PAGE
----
How I Learned to Stop worry about Wireless Networking and Love Meraki – Part 1

It’s no big secret that me and corporate wifi don’t get along. I have no problems with wifi at home, its a small number of users and it works 99% of the time. Within an office though it’s a different matter. People tend to rely on it and only opt for a cabled option as a last resort. Placement of access points seems to require a degree in mathematics and engineering, and everytime someone heats up a bowl of soup in the microwave, someone else gets booted off the network. In short, I would cable everyone up.

But then came along Meraki – well, more to the point, the chance to get a free access point, all for attending one short (but very informative webinar). The bonus is that it’s all cloud based, no more logging into four different wireless lan controllers to configure a handful of wireless networks, and from the webinar I watched, the interface looks easy to use, and very feature packed.

Any company that is willing to put their wallet where their mouth is is certainly worth looking into.

My free AP, with three years cloud license arrived after a couple of days.



In the box is a standard UK power supply (but obviously you’ll get a suitable one depending on your location), a useful leaflet entitled “10 Tips for your Cisco Meraki Wifi network” and a small white device with the Cisco logo on it. The model is MR12, which retails at around £260 (ish).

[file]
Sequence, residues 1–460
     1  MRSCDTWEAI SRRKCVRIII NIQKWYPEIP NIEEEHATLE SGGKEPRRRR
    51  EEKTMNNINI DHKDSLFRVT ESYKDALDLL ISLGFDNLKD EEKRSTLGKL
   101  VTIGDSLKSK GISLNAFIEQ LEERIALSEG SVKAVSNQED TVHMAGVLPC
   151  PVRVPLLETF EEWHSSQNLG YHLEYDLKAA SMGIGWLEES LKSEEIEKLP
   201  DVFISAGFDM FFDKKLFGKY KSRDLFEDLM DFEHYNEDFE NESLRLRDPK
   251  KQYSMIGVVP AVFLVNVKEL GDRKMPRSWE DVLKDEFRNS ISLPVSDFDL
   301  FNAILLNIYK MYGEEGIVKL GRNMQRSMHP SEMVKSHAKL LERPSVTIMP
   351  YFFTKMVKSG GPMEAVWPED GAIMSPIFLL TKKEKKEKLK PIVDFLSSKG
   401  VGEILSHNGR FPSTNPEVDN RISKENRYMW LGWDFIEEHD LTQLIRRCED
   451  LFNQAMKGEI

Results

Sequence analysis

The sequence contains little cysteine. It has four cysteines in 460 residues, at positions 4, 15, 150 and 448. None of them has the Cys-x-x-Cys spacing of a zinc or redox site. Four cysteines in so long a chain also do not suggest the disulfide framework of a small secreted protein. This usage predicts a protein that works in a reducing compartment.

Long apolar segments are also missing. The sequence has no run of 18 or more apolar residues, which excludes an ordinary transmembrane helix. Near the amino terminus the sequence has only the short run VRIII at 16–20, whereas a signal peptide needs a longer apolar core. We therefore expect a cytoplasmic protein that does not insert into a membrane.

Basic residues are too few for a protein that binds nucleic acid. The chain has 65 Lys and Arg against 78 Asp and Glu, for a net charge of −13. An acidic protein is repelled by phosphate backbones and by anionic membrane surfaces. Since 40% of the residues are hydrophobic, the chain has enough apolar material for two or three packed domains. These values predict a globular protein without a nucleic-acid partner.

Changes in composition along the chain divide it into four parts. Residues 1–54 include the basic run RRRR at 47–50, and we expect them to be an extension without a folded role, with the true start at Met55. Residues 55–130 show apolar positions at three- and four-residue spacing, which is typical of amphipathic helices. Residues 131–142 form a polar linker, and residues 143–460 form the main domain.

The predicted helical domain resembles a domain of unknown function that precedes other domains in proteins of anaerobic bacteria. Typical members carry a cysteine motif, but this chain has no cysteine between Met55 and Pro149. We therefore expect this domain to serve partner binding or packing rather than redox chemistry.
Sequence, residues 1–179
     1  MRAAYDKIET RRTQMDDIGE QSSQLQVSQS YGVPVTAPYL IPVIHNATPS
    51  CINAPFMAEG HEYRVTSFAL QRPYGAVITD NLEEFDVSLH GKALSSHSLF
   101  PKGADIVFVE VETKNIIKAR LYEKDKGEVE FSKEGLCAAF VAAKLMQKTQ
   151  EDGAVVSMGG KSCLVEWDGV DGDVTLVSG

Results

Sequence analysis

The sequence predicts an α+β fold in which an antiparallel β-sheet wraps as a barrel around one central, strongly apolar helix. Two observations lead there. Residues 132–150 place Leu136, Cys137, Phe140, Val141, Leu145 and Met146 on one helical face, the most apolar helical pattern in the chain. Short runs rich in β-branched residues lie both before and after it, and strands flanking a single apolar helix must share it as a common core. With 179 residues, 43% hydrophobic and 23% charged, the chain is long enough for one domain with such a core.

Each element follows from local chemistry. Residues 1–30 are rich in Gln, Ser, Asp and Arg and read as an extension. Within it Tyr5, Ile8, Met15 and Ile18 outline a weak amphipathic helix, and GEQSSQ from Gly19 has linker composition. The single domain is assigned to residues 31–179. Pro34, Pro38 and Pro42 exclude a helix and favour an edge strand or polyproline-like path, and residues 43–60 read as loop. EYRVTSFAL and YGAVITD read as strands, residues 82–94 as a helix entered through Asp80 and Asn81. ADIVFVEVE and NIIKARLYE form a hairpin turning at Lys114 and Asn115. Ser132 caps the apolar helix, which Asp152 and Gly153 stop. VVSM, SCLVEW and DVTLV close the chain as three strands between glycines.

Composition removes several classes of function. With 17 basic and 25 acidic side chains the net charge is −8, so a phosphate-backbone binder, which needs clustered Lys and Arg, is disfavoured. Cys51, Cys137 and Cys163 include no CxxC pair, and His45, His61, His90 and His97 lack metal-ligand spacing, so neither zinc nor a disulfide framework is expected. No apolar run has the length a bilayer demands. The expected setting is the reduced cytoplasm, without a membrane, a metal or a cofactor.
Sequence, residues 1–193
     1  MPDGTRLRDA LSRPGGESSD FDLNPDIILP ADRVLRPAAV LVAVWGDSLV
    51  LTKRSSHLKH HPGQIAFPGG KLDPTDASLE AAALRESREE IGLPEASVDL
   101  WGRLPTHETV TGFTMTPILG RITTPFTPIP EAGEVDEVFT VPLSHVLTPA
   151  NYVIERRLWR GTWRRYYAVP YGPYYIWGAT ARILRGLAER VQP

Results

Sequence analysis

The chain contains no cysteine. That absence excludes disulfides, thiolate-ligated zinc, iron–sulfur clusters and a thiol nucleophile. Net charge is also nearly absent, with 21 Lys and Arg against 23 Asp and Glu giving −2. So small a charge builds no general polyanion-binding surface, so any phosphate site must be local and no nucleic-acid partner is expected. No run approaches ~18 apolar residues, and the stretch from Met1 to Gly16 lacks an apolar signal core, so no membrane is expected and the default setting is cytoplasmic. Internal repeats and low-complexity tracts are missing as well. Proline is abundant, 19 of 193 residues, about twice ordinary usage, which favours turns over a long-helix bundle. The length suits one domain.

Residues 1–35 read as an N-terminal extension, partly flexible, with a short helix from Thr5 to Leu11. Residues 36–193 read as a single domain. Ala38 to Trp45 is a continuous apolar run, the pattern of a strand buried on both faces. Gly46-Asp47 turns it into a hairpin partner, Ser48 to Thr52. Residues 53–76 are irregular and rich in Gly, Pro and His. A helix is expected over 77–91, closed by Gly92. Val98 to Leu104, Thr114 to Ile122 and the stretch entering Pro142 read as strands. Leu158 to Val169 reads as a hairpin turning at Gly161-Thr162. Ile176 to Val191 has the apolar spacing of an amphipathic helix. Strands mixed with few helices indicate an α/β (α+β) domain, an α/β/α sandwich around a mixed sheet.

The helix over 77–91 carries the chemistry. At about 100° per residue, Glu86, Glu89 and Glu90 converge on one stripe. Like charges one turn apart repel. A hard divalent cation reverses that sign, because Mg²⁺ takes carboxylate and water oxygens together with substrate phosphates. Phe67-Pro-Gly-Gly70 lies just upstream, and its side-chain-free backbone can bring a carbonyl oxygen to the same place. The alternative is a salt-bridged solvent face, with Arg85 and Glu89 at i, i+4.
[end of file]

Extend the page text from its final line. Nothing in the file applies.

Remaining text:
The MR12 AP has three ports, one for power, eth0 which supports PoE, and eth1. I connected eth0 and the power cable.

It powers on and the power light goes a reddish color to signify that its downloading the latest firmware. After a short while all the lights go green.


Once you head over to (where order number is your order number) and finalise the registration process (most of the fields were prepopulated) you are presented with a very nice dashboard, and its time to get started.

The dashboard is very readable. The various aspects of navigating around the dashboard are all controlled from the menu on the left hand side:

General activity is all under the monitor tab, here you will be able to see your clients and from there drill down into application usage. It even offers a PCI report built in which should keep the compliance people happy.


The actual administration is through the Configure menu, here you can create your SSIDs, set up access control and firewall, as well as policies.

Organization allows you to set up more administrators, and more general aspects of your account.

Lastly is the Help menu, where you can raise tickets, and browse the help.

Initial Goals:

The initial goals for this are:

1: LAN and Internet access for regular users, authenticated by Radius to our internal radius server.
2: Guest wifi with printer and Internet access but no corporate network access

Creating a new Network

By default the portal shows a network called “Free AP”, and this is connectable out of the box, with the AP being automatically assigned to this.

I want to create new network, after all having a visible wireless called “Free AP” could very easily bring with it an influx of people jumping onto your wifi and using up your bandwidth, at the top of the page is a drop down, and in there is an option to “Create a network”.